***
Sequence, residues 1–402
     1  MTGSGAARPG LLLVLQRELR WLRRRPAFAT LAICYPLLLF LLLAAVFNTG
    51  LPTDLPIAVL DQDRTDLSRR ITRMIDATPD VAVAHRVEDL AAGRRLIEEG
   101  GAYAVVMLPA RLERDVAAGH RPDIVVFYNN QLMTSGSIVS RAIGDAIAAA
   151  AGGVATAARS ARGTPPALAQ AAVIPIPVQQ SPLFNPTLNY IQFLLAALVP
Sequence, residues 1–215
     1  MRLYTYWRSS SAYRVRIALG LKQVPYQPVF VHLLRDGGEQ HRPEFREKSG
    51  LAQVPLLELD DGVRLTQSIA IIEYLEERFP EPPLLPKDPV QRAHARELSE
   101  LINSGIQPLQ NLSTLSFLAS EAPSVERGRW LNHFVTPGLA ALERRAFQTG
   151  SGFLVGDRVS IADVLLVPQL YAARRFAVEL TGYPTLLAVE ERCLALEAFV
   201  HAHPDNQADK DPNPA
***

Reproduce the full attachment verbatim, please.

Sequence, residues 1–402
     1  MTGSGAARPG LLLVLQRELR WLRRRPAFAT LAICYPLLLF LLLAAVFNTG
    51  LPTDLPIAVL DQDRTDLSRR ITRMIDATPD VAVAHRVEDL AAGRRLIEEG
   101  GAYAVVMLPA RLERDVAAGH RPDIVVFYNN QLMTSGSIVS RAIGDAIAAA
   151  AGGVATAARS ARGTPPALAQ AAVIPIPVQQ SPLFNPTLNY IQFLLAALVP
Sequence, residues 1–215
     1  MRLYTYWRSS SAYRVRIALG LKQVPYQPVF VHLLRDGGEQ HRPEFREKSG
    51  LAQVPLLELD DGVRLTQSIA IIEYLEERFP EPPLLPKDPV QRAHARELSE
   101  LINSGIQPLQ NLSTLSFLAS EAPSVERGRW LNHFVTPGLA ALERRAFQTG
   151  SGFLVGDRVS IADVLLVPQL YAARRFAVEL TGYPTLLAVE ERCLALEAFV
   201  HAHPDNQADK DPNPA